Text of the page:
Sperm motility is enhanced by Low Level Laser and Light Emitting Diode photobiomodulation with a dose-dependent response and differential effects in fresh and frozen samples.
The objective of this study was to investigate the effects of laser and Light Emitting Diode (LED) LLLT photobiomodulation on human spermatozoa motility and DNA integrity. Methods: An in-vitro controlled trial was performed within an IVF clinic laboratory using three human semen specimens, one fresh and two frozen. Sperm were exposed to light from a GaAlAs single laser (810 nm 200 mW) and an LED cluster (660 nm and 850 nm total power 2 W) for various irradiation times. Sperm motility for the test and control aliquots was assessed using a SQA-IIB analyser, but fertilizing ability was not. Sperm chromatin integrity was tested using the Sperm Chromatin Structure Assay. Results: The Sperm Motility Index and Total Functional Sperm Count increased up to four fold compared to controls with inhibitory effects observed at higher doses (longer irradiation times). The maximum effect varied with irradiance and irradiation time and whether the sample was fresh or frozen. Discussion: Human sperm motility is modified by exposure to LLLT and this motility modification is dependent upon beam irradiance and irradiation time as well as the condition of the sample. A higher stimulatory dose provides a rapid increase in motility that is short in duration, while a lower stimulatory dose provides a slower increase in motility. An inhibitory does causes reduced motility. Future research could consider animal models, such as the mouse, to test fertilization capacity and the safety of resu...
Authors: Laubach HJ, Robijns J Abstract Radiation dermatitis (RD), an inflammatory skin disease that can be an unwanted side effect of medical radiation therapy (RT), most commonly occurs in patients undergoing cancer of the ENT, anal, and vulvar regions. The side effects on the skin and mucous membranes occur within a few weeks after the initiation of RT; however, late side effects can develop months to years after the RT. Therapeutically, various treatment approaches are considered such as pentoxifylline, hyperbaric oxygen therapy, laser therapy, and PBMT. In order to limit the reduced quality of life of patients...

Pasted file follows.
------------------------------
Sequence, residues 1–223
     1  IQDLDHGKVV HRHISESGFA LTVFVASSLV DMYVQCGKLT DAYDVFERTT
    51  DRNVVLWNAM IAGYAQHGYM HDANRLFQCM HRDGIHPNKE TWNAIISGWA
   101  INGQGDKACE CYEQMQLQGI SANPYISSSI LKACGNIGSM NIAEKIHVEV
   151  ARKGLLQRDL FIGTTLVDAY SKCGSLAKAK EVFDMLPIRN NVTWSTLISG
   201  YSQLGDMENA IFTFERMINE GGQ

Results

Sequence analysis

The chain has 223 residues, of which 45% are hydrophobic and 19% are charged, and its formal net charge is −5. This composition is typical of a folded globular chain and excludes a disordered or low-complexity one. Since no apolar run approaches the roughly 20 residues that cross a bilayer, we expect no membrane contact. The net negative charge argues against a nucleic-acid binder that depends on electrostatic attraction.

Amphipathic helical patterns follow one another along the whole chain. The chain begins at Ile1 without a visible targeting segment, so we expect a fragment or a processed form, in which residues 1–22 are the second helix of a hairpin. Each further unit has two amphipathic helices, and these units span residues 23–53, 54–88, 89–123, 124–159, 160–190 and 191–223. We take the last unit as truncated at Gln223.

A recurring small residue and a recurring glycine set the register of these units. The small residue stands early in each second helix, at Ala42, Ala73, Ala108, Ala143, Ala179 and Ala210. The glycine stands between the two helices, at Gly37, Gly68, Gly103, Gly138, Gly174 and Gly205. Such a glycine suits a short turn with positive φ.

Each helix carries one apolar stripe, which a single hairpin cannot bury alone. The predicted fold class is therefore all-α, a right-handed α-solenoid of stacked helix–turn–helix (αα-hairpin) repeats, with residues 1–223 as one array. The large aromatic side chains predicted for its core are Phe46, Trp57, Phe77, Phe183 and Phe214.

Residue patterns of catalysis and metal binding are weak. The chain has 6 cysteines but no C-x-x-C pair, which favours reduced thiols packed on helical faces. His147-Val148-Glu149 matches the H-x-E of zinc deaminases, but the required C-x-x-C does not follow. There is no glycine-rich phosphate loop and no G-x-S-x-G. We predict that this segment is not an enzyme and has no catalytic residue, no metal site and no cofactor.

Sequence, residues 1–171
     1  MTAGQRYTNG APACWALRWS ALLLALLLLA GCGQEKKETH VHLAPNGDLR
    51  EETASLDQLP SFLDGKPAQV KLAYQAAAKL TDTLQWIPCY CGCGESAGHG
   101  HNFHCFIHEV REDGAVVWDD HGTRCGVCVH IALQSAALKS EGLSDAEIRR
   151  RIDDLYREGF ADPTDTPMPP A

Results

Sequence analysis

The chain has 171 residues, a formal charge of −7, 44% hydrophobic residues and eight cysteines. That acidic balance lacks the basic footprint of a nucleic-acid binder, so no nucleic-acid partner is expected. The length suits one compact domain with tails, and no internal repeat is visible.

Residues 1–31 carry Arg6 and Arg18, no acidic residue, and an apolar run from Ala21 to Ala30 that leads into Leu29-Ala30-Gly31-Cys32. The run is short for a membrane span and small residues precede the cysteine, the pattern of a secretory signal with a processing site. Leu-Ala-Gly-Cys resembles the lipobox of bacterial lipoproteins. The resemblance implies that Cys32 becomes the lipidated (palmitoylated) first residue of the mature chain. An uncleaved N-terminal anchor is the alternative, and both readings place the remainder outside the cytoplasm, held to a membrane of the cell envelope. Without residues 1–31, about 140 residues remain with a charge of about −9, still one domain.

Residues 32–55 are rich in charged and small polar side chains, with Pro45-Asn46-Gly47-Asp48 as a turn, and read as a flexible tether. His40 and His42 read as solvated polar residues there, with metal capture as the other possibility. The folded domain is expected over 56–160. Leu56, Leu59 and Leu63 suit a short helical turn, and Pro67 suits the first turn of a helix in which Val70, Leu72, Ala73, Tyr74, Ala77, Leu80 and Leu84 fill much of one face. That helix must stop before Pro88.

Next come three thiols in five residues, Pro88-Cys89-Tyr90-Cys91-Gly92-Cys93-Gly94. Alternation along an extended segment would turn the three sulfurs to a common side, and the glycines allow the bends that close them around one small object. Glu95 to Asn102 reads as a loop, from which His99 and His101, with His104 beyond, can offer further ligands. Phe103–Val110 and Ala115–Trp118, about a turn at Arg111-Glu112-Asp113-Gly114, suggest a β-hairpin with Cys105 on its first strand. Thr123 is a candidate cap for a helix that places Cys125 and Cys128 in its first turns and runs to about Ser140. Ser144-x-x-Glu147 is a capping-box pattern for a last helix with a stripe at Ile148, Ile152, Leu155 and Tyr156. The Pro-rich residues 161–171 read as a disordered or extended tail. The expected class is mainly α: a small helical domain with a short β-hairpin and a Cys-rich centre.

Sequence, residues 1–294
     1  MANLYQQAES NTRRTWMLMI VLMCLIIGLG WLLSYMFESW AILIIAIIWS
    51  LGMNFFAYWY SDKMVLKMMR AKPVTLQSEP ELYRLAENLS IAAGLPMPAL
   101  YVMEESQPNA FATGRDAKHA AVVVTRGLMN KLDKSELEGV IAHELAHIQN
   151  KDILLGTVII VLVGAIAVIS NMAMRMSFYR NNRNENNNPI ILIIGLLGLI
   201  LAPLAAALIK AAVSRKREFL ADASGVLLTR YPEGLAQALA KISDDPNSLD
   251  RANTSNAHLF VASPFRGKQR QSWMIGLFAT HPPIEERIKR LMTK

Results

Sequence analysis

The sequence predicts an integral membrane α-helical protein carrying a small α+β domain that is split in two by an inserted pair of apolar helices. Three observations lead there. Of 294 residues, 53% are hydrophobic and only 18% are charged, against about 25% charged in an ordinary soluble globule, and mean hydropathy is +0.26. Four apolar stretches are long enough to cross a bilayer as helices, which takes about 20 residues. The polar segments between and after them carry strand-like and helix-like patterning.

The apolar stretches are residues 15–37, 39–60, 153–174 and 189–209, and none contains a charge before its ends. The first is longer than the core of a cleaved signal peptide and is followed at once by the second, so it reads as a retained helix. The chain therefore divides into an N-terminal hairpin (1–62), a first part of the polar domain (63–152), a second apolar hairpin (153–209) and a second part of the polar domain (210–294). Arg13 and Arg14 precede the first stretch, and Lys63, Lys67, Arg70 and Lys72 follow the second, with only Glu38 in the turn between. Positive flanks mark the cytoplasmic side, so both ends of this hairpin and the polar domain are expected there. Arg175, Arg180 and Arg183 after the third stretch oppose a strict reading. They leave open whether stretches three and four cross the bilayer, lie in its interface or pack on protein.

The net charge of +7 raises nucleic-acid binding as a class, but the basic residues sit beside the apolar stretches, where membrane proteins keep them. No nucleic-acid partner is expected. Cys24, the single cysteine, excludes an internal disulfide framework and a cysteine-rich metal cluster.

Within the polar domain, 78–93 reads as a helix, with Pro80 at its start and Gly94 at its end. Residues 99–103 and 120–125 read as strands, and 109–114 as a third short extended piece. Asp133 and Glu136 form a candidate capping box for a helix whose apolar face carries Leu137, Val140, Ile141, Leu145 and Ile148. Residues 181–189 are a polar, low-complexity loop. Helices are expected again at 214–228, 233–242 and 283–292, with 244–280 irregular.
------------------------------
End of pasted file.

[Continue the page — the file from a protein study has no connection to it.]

AbstractThere are many laser technologies that are being tested that claim to support hair regrowth for patients with alopecia areata (AA). In this paper, we will determine whether the body of evidence supports the use of devices using monochromatic light sources to treat AA. Articles were gathered from PubMed, Embase, and the Cochrane database using these keywords: lasers, excimer laser, low-level laser therapy (LLLT), low-level light therapy, alopecia, alopecia areata, and hair loss with a category modifier of English. Ten clinical trials and seven case reports/abstracts were assessed. Eight clinical trials and two case ...
Volume 20, Issue 3, June 2018, Page 145-147 .
To the Editor: Lichen planopilaris (LPP) is a lymphocytic scarring alopecia of unknown origin in which the hair follicle stem cells are destroyed by an autoimmune mechanism.1,2 This condition tends to be progressive, and the most effective treatments have response rates of only 10%.1 Low-level laser therapy (LLLT) is an emerging light therapy, with a reported effectiveness in several inflammatory diseases, such as lichen planus, although results are sometimes biased.3 Our objective was to evaluate the potential usefulness of LLLT in patients with LPP.
ConclusionsThis case report illustrates that there may be utility in this novel approach of narrow spot size, magnification-assisted, high fluence targeted combination laser therapy for inflammatory acne.
Conclusion • Based on current research, the utilization of LLLT for pain management and osteoarthritic conditions may be a complementary strategy used in clinical practice to provide symptom management for patients suffering from osteoarthritis and chronic pain. PMID: 28987080 [PubMed - as supplied by publisher]
Conclusion: This study justified the use of TENS therapy as well as LLLT in drug-resistant TMD. Both were useful in relieving the pain and muscles tenderness, although, TENS was more effective than LLLT. Keywords ●Transcutaneous Electrical Nerve Stimulation ●Low Level Light Therapy ●Temporomandibular Joint Disorders Syndrome ●Pain ●Laser ●Temporomandibular Joint ●Physical Therapy
Conclusions The present data indicated that preinjection LLLT did not effectively decrease the pain felt during local anesthetic injections before third molar surgery.
Conclusion With the guidance of color Doppler ultrasound, the efficacy and safety of long pulse 1064 nmNd:YAG laser, intense pulsed light, and lauromacrogol injection in the treatment of infantile hemangioma have better outcomes compared to laser treatment alone without preoperative ultrasound examination.